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OR in the News (selected articles)

Ruetzler K, Montalvo M, Bakal O, Essber H, Rossler J, Mascha EJ, Han Y, Ramachandran M, Keebler A, Turan A, Sessler DI: Nociception level index-guided intraoperative analgesia for improved postoperative recovery: A randomized trial. Anesth Analg 2023

April 4, 2023

Nociception is the physiological response to nociceptive stimuli, normally expe- rienced as pain. During general anesthesia, patients experience and respond to nociceptive stimuli by increasing blood pressure and heart rate if not controlled by preemptive analgesia. The PMD-200 system from Medasense (Ramat Gan, Israel) evaluates the balance between nociceptive stimuli and analgesia during general anesthesia and generates the nociception level (NOL) index from a single finger probe. NOL is a unitless index ranging from 0 to 100, with values exceeding 25 indicating that nociception exceeds analgesia. We aimed to demonstrate that titrating intraoperative opioid administration to keep NOL <25 optimizes intraoperative opioid dosing. Specifically, we tested the hypothesis that pain scores during the initial 60 min- utes of recovery are lower in patients managed with NOL-guided fentanyl than in patients given fentanyl per clinical routine. METHODS:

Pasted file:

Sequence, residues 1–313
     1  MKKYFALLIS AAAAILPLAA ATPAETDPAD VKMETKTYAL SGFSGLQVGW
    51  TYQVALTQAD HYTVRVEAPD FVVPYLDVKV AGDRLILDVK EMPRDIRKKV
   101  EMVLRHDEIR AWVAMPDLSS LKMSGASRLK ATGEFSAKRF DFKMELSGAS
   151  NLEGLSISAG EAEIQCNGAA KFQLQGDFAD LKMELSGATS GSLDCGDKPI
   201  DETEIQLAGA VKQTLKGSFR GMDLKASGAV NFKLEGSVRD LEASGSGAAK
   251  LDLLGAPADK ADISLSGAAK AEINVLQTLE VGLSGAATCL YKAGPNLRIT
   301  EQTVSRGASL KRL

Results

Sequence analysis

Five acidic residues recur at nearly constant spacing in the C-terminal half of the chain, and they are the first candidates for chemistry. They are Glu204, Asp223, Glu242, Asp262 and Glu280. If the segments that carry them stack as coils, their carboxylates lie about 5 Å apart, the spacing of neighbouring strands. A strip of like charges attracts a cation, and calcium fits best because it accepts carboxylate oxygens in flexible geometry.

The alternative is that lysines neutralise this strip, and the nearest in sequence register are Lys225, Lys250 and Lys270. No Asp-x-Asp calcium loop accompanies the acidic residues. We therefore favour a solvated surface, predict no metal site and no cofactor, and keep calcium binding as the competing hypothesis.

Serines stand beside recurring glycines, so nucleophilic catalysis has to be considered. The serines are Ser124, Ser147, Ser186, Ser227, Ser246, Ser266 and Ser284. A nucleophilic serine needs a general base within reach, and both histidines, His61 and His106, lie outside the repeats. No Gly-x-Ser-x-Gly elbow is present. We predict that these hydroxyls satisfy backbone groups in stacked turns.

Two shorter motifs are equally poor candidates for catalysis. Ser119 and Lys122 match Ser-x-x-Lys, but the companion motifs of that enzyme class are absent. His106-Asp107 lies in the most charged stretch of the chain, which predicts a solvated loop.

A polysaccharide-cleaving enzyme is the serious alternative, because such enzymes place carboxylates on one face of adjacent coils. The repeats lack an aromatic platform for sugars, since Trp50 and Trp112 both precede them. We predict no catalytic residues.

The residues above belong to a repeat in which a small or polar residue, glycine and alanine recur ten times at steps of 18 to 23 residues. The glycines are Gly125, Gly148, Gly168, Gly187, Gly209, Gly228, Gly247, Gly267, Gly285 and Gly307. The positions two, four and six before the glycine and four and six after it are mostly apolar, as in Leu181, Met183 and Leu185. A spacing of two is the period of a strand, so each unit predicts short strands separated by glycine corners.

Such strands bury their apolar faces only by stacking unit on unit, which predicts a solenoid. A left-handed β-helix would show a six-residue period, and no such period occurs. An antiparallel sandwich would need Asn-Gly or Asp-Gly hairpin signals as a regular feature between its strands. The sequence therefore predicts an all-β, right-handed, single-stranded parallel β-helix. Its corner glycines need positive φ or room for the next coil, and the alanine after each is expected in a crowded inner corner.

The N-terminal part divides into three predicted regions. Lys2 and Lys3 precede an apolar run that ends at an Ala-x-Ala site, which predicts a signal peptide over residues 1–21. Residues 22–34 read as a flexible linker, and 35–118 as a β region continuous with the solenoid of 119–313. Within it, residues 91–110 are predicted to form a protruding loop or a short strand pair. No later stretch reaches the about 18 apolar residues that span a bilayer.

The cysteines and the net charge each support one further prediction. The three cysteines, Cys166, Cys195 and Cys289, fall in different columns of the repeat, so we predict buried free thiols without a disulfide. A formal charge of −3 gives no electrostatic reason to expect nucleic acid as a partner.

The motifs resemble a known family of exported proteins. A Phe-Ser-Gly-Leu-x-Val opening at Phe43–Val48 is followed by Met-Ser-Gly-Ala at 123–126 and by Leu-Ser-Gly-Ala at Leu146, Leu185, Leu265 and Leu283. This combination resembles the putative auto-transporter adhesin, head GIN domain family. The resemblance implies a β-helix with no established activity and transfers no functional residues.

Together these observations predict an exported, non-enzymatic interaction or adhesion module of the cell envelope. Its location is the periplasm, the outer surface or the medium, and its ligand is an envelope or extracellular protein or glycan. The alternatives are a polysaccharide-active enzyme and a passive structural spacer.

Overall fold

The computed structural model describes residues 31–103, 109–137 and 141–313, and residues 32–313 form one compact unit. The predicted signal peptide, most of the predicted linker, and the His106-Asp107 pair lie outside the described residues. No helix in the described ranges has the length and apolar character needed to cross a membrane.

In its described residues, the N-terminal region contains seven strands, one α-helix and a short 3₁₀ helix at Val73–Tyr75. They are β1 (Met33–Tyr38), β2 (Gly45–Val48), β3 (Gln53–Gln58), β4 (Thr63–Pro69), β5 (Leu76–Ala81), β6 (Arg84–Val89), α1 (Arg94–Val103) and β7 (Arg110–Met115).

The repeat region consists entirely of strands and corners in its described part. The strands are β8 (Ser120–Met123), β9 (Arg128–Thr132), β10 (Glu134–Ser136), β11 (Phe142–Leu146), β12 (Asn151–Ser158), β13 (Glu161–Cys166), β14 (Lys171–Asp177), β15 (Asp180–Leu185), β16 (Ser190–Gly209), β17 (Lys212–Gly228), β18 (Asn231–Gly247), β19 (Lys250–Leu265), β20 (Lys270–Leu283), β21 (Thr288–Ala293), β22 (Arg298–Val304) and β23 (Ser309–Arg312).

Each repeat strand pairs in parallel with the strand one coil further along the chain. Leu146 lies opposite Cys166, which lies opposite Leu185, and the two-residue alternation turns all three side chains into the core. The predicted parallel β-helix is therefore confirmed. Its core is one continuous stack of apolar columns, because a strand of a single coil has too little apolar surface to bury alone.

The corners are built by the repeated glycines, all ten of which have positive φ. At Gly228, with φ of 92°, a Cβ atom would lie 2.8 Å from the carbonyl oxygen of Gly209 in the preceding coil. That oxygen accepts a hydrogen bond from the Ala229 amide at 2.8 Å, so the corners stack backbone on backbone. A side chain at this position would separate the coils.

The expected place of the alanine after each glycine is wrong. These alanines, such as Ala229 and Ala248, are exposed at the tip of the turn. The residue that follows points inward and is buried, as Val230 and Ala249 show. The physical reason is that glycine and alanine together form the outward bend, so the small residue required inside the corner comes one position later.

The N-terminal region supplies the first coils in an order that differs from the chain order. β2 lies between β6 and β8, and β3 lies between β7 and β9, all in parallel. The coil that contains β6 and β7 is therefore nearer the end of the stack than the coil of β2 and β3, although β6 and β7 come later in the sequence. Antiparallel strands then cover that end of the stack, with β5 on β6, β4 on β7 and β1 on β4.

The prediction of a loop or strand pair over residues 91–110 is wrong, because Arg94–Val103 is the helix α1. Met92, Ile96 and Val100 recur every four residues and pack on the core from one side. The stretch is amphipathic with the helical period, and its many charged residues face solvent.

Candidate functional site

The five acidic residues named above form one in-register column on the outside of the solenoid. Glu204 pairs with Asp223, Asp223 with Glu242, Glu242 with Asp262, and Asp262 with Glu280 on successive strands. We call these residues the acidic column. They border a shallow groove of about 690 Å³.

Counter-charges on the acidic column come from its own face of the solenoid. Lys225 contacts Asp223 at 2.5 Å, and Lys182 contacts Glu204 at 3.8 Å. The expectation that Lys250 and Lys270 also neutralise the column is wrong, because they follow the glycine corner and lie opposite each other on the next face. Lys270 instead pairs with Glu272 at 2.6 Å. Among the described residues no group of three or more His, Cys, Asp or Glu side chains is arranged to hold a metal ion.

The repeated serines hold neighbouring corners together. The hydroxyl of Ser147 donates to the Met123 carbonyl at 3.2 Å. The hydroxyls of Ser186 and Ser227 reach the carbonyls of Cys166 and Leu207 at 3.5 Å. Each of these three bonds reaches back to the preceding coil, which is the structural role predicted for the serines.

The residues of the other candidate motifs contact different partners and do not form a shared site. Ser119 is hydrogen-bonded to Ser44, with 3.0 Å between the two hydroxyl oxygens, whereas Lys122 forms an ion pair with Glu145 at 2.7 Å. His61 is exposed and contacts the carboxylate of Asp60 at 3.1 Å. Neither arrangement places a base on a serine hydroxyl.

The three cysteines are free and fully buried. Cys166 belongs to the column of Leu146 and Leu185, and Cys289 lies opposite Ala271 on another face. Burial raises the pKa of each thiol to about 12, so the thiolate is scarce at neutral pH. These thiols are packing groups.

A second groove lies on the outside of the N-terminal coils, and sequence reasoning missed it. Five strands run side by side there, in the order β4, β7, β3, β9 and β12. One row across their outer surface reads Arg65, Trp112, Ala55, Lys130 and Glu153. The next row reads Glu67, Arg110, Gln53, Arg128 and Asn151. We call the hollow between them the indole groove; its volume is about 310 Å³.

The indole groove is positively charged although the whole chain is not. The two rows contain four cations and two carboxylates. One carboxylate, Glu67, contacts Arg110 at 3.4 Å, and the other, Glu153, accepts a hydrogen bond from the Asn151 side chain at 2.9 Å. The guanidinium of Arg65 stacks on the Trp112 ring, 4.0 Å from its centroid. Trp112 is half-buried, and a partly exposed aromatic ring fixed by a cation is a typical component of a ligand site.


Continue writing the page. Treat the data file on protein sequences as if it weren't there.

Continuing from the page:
We conducted a randomized, single-center trial of patients having major abdominal open and laparoscopic surgeries. Patients were randomly assigned 1:1 to intraoperative NOL- guided fentanyl administration or fentanyl given per clinical routine. The primary outcome was pain score (0–10 verbal response scale) at 10-minute intervals during the initial 60 minutes of recovery. Our secondary outcome was a measure of adequate analgesia, defined as a pain score <5, assessed separately at each interval. RESULTS:
With a planned maximum sample size of 144, the study was stopped for futility after enrolling 72 patients from November 2020 to October 2021. Thirty-five patients were assigned to NOL-guided analgesic dosing and 37 to routine care. Patients in the NOL group spent sig- nificantly less time with a NOL index >25 (median reduction [95% confidence interval {CI}] of 14 [4–25] minutes) were given nearly twice as much intraoperative fentanyl (median [quartiles] 500 [330, 780] vs 300 [200, 330] μg), and required about half as much morphine in the recov- ery period (3.3 [0, 8] vs 7.7 [0, 13] mg). However, in the primary outcome analysis, NOL did not reduce pain scores in the first 60 minutes after awakening, assessed in a linear mixed effects model with mean (standard error [SE]) of 4.12 (0.59) for NOL and 4.04 (0.58) for routine care, and estimated difference in means of 0.08 (−1.43, 1.58), P = .895.
More intraoperative fentanyl was given in NOL-guided patients, but NOL guid- ance did not reduce initial postoperative pain scores. (Anesth Analg 2023;136:761–71)